Mail-in vote option under fire, state battling issue in appeals court

Published 12:27 pm Friday, June 26, 2020

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The ruling to expand the voter mail-in option to all registered voters has netted major repercussions as state officials scramble to appeal the decision.

Davidson County Chancellor Ellen Hobbs Lyle handed down her decision earlier in June as a way to offer all voters the opportunity to have their voices heard at the polls despite the current COVID-19 pandemic.

The Tennessee Supreme Court ruled on June 24 that it would not block the Chancellor’s ruling. The high court did agree, however, to bypass the need for a lower appellate court decision so as to hurry along the appeals process.

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State election officials are opposing the expansion in favor of stepping up preparations in case more voters age 60 years and older decide to use the mail-in option. If every person in the category were to go that route, it would equate to about 1.4 million mail-in ballots being counted.

The state claims significant hardships would be placed on local polling sites and the various county election offices if the expansion was ordered.

It’s just not feasible for the Aug. 6, 2020 election due to the lack of money, personnel and equipment, state officials claim.

The Supreme Court ruling allows voters to choose their best option while the appellate court decides the issue. The decision by the Supreme Court not to block the expansion outright was explained in its decision.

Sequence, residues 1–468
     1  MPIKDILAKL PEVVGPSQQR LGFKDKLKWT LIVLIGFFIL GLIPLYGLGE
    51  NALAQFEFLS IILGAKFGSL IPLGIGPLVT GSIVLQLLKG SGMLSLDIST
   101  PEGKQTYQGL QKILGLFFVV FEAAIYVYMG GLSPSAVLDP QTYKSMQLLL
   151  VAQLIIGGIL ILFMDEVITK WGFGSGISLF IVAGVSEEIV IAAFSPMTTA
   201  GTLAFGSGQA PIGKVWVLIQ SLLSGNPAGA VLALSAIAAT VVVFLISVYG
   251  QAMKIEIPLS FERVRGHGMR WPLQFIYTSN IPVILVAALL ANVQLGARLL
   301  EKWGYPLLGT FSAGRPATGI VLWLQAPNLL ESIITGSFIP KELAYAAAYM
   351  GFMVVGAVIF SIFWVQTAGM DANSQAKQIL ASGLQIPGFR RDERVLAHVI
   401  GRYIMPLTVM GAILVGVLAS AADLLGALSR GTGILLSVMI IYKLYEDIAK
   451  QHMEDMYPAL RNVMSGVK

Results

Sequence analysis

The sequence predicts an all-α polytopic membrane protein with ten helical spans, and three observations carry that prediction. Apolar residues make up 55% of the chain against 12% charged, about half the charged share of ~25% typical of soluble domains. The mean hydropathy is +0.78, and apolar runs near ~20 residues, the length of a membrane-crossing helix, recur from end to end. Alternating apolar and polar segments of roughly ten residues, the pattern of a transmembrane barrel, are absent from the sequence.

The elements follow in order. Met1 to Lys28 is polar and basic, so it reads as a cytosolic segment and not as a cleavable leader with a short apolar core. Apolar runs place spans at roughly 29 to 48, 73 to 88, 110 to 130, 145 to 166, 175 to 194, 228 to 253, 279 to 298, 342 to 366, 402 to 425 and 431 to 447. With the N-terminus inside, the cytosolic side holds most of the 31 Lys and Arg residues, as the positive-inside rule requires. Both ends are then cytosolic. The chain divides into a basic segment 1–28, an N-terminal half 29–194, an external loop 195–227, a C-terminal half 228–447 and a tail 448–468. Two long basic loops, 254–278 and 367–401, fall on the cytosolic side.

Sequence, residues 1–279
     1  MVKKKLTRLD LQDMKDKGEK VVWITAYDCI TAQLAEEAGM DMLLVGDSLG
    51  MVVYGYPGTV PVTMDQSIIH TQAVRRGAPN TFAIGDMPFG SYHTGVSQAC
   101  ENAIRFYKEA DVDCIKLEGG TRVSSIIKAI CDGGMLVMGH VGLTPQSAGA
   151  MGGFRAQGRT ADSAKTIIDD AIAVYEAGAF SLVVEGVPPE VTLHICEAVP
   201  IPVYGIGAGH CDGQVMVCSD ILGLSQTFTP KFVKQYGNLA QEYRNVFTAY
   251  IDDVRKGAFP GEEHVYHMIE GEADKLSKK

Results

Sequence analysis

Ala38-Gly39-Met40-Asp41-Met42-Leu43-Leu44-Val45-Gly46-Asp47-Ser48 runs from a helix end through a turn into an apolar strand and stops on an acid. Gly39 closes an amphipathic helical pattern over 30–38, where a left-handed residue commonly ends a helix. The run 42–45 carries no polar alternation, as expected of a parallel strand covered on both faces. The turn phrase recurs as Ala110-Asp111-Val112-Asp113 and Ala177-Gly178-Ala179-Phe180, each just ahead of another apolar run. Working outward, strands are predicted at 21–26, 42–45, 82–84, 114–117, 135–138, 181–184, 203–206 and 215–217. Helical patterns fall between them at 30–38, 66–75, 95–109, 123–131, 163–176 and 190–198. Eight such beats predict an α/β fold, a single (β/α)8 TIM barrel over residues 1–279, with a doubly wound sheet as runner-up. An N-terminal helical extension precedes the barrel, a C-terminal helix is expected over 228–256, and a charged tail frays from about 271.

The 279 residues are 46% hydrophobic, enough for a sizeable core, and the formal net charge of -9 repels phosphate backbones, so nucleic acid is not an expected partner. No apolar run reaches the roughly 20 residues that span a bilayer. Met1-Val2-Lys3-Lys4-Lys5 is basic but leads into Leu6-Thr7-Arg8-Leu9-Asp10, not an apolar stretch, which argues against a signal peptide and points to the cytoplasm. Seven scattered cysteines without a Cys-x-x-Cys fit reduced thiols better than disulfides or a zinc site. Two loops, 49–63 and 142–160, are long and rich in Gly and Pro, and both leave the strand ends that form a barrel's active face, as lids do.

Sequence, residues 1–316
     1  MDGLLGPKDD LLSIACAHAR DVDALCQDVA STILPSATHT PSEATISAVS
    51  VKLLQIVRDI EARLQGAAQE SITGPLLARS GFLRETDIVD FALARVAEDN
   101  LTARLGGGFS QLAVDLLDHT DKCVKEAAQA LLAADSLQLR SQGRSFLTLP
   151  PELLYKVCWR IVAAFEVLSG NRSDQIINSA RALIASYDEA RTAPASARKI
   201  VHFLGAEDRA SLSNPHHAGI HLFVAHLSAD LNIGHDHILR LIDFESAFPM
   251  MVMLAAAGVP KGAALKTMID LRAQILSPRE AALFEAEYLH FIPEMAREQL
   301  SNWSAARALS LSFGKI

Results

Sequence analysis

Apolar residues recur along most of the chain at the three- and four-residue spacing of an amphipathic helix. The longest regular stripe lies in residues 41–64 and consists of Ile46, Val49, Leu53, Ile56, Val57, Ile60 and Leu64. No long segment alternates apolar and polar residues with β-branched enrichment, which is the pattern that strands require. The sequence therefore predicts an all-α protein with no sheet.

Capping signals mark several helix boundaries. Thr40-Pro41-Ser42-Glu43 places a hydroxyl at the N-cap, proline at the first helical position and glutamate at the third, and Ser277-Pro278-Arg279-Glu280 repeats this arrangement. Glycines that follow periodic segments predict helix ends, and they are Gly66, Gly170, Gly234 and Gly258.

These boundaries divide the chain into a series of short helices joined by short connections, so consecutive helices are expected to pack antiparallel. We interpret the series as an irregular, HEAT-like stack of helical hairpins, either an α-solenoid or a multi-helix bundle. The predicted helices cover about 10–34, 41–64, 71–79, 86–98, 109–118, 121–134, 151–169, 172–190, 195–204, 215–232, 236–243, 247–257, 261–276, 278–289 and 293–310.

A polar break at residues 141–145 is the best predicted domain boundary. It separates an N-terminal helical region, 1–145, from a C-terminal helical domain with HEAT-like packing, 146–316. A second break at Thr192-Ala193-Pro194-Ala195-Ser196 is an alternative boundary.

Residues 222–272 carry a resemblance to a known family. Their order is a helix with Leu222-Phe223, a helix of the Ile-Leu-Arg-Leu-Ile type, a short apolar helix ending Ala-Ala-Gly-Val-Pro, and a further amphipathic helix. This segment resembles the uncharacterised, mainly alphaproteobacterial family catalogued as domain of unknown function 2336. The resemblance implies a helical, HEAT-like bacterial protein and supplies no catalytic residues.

“…a majority of the court finds that the state has not met its burden of demonstrating that the balance of the relevant factors weighs in favor of a stay pending appeal,” reads the decision, in part.

One week after Chancellor Lyle’s ruling, she admonished the state officials in a highly publicized shaming when she learned her dictates had not been immediately followed.

Apparently, the state officials had taken upon themselves the task of rewording the absentee voting applications. It looks as though the officials also took their time sending out the applications directly following the chancellor’s ruling.

According to the Associated Press, the state has since reworked the form and sent local officials updated guidance based on Lyle’s new orders.

At the local level, it is too early to tell if the expansion would create a hardship for the Claiborne County Election Office.

“At this point, we’ve not seen a huge request for absentee ballots. We’ve received the normal number of applications for an election of this kind,” said Carolyn O’Dell, administrator of elections. “If there is a significant increase, we will make provisions for extra equipment to count the ballots.”

Right now, there are no plans to hire additional personnel. Of course, that could change once the decision is handed down from the state level.

Those interested in applying for absentee ballots may do so through July 30.